The March 2021 offering from Music for Your Inbox is Hodad, a new video by Daniel Corral performed by violinist Myra Hinrichs. This work audaciously combines the Southern California surf with a solo violin played on the beach to create a unique collaboration between artist and nature. The program notes state: “At the beach, a violinist watches the waves roll in and out. The ocean becomes a score. Spot a wave in the distance. The wave crests; the wave washes up on the shore; the wave retracts and disappears into the sea. Play according to the wave’s movements.” The result is ostensibly a relaxing 21 minute interlude on a sunny beach, but there are surprising musical insights as well.
Nature has historically been a subject for emulation in music and there are many examples from contemporary composition: Olivier Messiaen used birdsong extensively in his Catalogue d’oiseaux, The Wind in High Places, by John Luther Adams perfectly captures the chilly peaks of Alaska, River of 1000 Streams by Daniel Lentz flows powerfully down to the sea and the music of Jeffrey Holmes is full of fierce Nordic weather. And these are just a few of the many recent pieces that could be cited.
Hodad differs from the conventional treatment of nature in music, however, by making the ocean an integral partner in the composition and the performance. This might seem impractical – apart from bagpipes or a massed brass band, acoustic instruments intended for the confines of the concert hall would seem to be no match for nature outdoors. The violin in Hodad is fitted with a pickup, but even so, it would be hard to imagine a greater imbalance than that between a single violin and the Pacific surf. Yet it is this one-sided combination that is the key to the piece.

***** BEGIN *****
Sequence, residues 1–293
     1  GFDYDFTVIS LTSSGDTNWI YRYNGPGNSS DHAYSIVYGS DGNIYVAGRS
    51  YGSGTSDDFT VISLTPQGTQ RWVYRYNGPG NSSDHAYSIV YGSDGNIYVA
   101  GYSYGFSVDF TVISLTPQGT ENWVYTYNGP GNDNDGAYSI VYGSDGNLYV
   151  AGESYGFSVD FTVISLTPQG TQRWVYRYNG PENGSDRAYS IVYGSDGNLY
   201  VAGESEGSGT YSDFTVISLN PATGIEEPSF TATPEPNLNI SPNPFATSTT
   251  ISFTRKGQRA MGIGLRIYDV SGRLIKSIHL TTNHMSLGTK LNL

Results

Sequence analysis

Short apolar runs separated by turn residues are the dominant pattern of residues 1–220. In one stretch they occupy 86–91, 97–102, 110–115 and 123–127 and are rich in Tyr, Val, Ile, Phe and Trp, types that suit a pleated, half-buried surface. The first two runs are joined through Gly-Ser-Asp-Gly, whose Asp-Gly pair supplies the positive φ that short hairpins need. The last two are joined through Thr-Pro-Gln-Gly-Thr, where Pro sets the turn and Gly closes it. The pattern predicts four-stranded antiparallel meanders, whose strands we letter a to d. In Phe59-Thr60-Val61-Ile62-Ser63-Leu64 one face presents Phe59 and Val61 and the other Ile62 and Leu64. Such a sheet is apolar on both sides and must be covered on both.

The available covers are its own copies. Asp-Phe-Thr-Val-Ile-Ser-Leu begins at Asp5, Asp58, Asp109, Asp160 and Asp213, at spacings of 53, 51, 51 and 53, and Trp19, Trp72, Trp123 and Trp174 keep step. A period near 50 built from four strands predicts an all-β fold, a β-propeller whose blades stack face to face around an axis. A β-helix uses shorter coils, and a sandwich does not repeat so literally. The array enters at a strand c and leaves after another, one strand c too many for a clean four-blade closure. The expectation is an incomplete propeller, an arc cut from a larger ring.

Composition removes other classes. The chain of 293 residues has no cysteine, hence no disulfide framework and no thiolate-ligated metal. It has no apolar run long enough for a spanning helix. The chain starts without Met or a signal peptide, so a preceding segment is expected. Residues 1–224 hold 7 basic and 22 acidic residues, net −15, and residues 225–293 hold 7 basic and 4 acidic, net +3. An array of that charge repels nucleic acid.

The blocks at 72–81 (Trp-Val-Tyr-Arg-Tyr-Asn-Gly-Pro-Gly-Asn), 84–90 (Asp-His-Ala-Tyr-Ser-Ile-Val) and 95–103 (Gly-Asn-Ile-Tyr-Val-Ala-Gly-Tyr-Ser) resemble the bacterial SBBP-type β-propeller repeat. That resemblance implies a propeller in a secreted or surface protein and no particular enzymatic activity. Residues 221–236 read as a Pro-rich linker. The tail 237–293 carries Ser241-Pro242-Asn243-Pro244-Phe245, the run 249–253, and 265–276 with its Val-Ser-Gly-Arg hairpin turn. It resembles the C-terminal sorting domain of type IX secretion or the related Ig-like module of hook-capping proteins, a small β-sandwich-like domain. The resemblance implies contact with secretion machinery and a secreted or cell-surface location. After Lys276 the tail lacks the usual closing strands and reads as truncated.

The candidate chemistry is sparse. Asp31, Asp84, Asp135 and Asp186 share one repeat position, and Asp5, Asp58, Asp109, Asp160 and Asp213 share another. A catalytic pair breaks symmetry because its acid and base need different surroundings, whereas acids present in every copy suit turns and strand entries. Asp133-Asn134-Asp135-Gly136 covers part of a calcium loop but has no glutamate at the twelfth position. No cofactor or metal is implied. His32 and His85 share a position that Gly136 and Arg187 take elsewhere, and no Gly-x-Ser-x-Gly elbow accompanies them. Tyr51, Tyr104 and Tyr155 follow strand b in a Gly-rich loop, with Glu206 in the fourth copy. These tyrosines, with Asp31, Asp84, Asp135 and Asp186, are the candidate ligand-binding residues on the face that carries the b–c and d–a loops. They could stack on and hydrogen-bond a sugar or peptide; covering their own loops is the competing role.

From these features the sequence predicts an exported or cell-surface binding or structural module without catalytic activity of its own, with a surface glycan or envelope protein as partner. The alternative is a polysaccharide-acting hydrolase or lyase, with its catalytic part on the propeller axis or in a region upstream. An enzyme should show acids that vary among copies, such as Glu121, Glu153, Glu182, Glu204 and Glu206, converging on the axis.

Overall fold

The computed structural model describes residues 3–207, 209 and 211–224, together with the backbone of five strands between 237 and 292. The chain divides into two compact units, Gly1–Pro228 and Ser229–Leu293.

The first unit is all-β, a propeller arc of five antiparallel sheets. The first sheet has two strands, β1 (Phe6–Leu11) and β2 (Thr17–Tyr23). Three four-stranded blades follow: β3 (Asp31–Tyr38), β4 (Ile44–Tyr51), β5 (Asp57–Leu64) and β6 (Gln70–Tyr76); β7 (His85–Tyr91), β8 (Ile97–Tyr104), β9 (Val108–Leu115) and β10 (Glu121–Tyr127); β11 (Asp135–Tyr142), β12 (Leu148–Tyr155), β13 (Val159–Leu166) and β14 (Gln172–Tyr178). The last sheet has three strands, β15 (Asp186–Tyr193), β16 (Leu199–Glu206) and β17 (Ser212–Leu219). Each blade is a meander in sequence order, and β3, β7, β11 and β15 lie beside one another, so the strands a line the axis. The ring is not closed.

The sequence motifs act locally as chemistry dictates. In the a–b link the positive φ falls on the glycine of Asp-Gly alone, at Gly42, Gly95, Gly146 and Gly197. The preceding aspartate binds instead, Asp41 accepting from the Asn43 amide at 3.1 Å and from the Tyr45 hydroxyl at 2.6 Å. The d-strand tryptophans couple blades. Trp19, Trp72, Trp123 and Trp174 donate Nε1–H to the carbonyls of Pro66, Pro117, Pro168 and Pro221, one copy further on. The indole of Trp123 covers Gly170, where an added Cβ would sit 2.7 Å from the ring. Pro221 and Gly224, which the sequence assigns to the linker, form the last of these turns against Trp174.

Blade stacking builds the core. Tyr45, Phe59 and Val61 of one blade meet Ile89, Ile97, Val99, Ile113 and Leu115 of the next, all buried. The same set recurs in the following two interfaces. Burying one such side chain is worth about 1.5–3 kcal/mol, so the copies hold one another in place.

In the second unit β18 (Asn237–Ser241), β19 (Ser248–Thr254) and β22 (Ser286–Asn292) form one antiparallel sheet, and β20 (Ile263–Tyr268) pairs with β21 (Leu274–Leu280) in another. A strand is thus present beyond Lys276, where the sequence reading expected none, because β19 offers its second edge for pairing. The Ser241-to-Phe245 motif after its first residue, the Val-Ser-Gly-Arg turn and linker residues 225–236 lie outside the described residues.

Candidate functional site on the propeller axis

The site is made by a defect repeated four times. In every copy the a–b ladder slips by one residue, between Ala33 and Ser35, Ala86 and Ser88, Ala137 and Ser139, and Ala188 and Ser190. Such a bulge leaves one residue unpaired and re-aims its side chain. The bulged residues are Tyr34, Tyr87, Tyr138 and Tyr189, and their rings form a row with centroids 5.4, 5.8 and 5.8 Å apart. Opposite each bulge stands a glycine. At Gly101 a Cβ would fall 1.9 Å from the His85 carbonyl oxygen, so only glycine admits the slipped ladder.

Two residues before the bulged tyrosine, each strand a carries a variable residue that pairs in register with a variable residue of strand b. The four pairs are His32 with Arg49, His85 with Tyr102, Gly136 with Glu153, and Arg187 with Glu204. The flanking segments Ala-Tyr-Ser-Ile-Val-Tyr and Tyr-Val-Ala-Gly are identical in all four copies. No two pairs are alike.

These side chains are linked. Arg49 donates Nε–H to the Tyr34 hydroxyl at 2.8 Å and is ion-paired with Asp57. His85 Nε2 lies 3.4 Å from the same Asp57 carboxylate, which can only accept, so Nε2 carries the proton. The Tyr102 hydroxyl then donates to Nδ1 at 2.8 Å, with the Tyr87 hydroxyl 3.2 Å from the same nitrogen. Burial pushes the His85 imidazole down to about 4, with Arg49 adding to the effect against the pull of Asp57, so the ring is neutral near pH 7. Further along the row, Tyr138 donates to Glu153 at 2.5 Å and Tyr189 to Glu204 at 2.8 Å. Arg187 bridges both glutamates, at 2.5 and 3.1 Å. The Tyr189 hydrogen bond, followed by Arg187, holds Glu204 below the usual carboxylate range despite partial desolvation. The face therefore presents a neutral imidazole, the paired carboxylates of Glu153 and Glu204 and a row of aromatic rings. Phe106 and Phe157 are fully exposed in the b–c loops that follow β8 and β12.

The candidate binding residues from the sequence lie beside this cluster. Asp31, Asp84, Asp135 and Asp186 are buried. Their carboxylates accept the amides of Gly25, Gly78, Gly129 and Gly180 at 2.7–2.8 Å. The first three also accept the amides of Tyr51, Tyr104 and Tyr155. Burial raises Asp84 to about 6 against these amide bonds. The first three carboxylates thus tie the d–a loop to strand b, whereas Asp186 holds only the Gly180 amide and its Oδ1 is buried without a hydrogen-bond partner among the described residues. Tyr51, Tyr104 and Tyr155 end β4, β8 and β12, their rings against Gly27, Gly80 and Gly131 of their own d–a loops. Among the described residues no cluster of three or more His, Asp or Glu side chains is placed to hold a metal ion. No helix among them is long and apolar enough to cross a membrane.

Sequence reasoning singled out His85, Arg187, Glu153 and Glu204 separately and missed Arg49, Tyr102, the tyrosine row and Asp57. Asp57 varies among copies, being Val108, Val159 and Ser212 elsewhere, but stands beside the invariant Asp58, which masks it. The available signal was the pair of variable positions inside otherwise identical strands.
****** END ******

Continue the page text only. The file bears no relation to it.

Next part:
Hodad opens with the camera looking out to the open sea with the sound of the waves rolling up on the shore. Myra Hinrichs is seen facing the surf, with her violin and music stand. She soon starts off with a soft, sustained tone that begins when a wave washes up to the beach. There is no attempt here to make the violin compete with the surf; this is intentional as the composer is also the sound engineer for this performance. The camera work by Tim Lacatena is properly static, with the ocean and Ms. Hinrichs sharing the scene equally. As the piece continues, the violin seems, at times, to be loosely coordinated with the wave action, but always with soft, sustained tones. It should be noted that the ocean that day was absolutely typical for the season – low rolling waves with an afternoon breeze and a slightly hazy sky. There was no drama in the water, everything on the otherwise empty beach was entirely normal.
The surf, tame by the standards of the ocean, nevertheless completely dominates the sound from the violin. A few tentative pizzicato notes were seen on the video, but these were completely inaudible. The sound mixing keeps the surf in the foreground and invites focus and close listening to hear the violin. The result of this is that the sounds of the surf are more vivid to the listener and a wide variety of details are heard that might otherwise be ignored by the brain. In a sense the ocean has stolen the show, but this is only possible because the surf a participant in the performance. The roll of the incoming waves, the rattle of sand and stone in the surf along with the hiss of a wave running up on the beach are all heard with a new clarity and detail. Without the violin, the listener hears the wash of the surf as a kind of sonic wallpaper – with the violin, the waves become a second instrument.
The fragility of the violin in the salty air and strong breeze is obvious in the video. The disciplined playing by Ms. Hinrichs is critical – meant to compliment the surf and not to dominate or even equal it. Hodad is a metaphor for the relative spheres of influence – the violin in the concert hall and the surf outdoors. One is full of quiet introspection, the other has unlimited energy, but in this piece both can be examined by the listener in the same context. Hodad is an ambitious piece, if only for including a force of nature into the performance. A sunny afternoon spent at the beach will never seem the same.
Hodad is available for viewing through Music for Your Inbox.